Neural Mechanisms of Reward Learning and Cognitive Control in Children with Attention Deficit Hyperactivity Disorder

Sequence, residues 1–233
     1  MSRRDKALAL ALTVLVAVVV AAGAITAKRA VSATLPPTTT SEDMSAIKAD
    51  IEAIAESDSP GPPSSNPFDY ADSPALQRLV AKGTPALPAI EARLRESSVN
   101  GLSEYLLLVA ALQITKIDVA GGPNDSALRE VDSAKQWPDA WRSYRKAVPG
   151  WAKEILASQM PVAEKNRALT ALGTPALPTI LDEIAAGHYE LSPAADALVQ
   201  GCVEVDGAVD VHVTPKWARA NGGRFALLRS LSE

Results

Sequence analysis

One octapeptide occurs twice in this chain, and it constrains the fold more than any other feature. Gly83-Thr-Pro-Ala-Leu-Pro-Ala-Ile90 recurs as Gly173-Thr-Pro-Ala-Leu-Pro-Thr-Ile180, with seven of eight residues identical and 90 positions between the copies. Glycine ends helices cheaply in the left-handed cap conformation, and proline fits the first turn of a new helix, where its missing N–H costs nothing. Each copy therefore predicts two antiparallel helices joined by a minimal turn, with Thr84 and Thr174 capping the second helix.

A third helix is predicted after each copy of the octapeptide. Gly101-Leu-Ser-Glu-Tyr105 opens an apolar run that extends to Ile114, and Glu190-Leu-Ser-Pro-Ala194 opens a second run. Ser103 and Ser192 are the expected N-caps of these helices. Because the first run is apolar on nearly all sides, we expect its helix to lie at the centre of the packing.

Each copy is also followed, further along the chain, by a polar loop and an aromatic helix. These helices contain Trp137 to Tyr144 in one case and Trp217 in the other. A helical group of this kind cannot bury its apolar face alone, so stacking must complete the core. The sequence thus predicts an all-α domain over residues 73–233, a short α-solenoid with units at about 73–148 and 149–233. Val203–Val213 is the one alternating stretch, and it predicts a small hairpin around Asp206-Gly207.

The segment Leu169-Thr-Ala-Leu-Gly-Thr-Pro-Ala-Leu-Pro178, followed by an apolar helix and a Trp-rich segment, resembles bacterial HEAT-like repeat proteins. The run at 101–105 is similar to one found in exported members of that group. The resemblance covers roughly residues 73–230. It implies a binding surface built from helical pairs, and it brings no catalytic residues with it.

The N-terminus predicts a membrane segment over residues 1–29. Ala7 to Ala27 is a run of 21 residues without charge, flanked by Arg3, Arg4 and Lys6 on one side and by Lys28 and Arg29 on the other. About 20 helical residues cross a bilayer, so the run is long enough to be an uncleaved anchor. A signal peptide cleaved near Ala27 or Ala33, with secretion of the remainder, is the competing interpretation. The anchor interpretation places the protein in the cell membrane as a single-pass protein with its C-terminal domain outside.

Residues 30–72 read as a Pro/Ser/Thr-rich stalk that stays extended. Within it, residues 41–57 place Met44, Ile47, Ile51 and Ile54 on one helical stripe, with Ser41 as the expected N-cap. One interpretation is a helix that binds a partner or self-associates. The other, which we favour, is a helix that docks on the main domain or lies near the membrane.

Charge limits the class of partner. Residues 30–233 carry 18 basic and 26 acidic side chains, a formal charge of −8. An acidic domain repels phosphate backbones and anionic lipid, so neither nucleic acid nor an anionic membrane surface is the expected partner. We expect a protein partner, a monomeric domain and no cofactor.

Attention Deficit Hyperactivity Disorder (ADHD), is characterized by its behavioural manifestations including difficulties with attention, hyperactivity and impulsivity. It is one of the most common childhood disorders with a prevalence rate of three to seven percent of school-aged children. ADHD carries a significant impact not only on children diagnosed with this disorder, but also on their families, schools, communities and the health care system. Numerous theories of ADHD have focused on deficits in executive functions, specifically cognitive control and the inability to inhibit inappropriate behaviours. Neuropsychological and neuroimaging studies in children with ADHD support a theory of frontal-subcortical dysfunction: specifically, a dysfunction in the midbrain dopamine (DA) system that may result in an impaired midbrain DA system and reinforcement learning, or the ability to learn to modify behaviour on the basis of rewarding and punishing stimuli in the environment. Furthermore, recent developments in reinforcement learning theory indicate that the midbrain DA system carries Reward Prediction Error (RPE) signals. Carmen Lukie is investigating how a midbrain DA system for reinforcement learning may be impaired in children with ADHD. This study follows on from her earlier research which showed that children with ADHD are particularly sensitive to the saliency of rewards. Specifically, she found that RPE signals in children with ADHD are modulated by the context in which feedback is given, and differs from what is observed in typically developing children. The current study will replicate this finding, while correcting for the limitations of the earlier study. Ultimately, the results of this research could lead to the development of novel, more effective behavioural and pharmacological treatments. Further, the research may expand to include individuals with substance abuse, pathological gambling, conduct and borderline personality disorders.